HUME: Because of the turnout in Kentucky when he was in trouble?
CADDELL: Yes. And not only the turnout.
HUME: And how can you tell that from the numbers that it saved Bunning?
CADDELL: Well, so far because of the correlation that we’re getting between the voting, for instance, for Bunning and the groups, and this holding on where he held on.
But you know, this -- but the problem is the uphill fight for Democrats. In this being posed or viewed as being suspect. Look at South Carolina, you have a really competent candidate in Tenenbaum a Democrat, a statewide figure. She was running against, you know, a guy who I think had some problems as a candidate. He had come out for 23 percent sales tax. He was for free trade in a state that had been devastated by textiles. And he went around talking about, you know, lesbians in the classrooms. Got himself in a lot of trouble. But she still couldn’t get more -- closer than 10 percent in the end.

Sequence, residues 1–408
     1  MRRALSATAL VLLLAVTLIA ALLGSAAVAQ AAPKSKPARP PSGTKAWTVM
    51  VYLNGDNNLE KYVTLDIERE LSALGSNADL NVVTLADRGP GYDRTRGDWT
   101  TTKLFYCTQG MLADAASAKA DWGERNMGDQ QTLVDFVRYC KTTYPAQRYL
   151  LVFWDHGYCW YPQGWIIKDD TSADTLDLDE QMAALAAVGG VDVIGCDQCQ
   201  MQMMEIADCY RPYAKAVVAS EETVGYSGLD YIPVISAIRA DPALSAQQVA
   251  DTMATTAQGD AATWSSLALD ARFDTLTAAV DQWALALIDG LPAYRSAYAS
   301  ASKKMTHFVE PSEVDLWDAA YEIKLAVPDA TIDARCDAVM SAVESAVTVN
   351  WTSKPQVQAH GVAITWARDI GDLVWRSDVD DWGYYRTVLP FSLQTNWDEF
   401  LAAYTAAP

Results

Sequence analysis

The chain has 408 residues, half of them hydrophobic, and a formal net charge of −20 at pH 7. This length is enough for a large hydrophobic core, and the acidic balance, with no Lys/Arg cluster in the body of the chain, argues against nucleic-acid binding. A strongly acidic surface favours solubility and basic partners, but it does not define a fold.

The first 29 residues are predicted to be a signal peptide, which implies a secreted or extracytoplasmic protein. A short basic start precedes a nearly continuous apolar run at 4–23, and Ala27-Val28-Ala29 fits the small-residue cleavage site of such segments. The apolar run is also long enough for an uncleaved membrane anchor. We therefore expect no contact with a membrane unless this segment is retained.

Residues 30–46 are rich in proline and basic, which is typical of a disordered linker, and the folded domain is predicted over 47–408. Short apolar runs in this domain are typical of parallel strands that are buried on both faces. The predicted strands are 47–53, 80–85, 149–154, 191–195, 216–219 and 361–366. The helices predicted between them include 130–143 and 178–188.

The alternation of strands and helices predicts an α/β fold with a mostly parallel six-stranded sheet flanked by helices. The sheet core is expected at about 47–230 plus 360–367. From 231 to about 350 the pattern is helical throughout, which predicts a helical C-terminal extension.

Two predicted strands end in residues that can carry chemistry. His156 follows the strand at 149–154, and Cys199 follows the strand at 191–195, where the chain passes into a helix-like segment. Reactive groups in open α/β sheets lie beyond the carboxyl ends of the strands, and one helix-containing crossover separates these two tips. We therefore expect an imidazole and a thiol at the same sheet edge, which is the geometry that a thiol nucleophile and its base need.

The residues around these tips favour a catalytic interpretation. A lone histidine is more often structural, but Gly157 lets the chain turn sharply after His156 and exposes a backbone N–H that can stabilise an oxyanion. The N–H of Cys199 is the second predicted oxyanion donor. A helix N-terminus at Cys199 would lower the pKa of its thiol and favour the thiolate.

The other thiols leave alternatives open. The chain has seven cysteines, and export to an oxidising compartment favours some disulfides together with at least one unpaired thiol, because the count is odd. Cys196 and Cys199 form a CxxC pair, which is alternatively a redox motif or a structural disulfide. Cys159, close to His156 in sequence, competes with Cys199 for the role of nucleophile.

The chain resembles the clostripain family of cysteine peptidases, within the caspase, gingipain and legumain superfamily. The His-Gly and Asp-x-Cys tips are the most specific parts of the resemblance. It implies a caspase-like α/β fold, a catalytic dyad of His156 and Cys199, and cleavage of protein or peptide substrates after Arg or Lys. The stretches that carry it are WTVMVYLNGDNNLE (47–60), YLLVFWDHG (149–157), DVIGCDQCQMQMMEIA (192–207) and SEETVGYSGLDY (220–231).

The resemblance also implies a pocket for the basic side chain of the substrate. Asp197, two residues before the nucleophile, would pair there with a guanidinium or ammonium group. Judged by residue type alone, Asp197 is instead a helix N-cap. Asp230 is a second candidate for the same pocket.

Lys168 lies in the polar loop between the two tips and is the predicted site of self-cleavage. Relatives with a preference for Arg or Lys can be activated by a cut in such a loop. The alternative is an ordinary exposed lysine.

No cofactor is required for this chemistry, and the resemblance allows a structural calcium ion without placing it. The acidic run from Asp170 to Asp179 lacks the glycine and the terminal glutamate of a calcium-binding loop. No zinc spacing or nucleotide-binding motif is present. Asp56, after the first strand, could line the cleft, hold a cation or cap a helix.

CADDELL: Because these hurdles, these kinds of turnouts. This kind of issue, the social issues are really hurting.
HUME: Let’s look ahead a couple of years. The president came out in favor of a constitutional amendment that would ban gay marriage, in effect. Many Democrats are opposed. It hasn’t passed in Congress. Doesn’t look like it will any day soon. We got about 15 or 20 seconds left. What’s your idea of the impact of that in the next couple of years?
CADDELL: Look, the people want this to go away. I mean they just want it to go away. And if it doesn’t go way, we’ll have more ballot amendments. And what will happen in the president -- look, the reason why it was a big factor in the presidential campaign is George Bush didn’t make it one.
HUME: But he could.
CADDELL: He could have. And someone will.
HUME: All right. Pat Caddell, great to have you.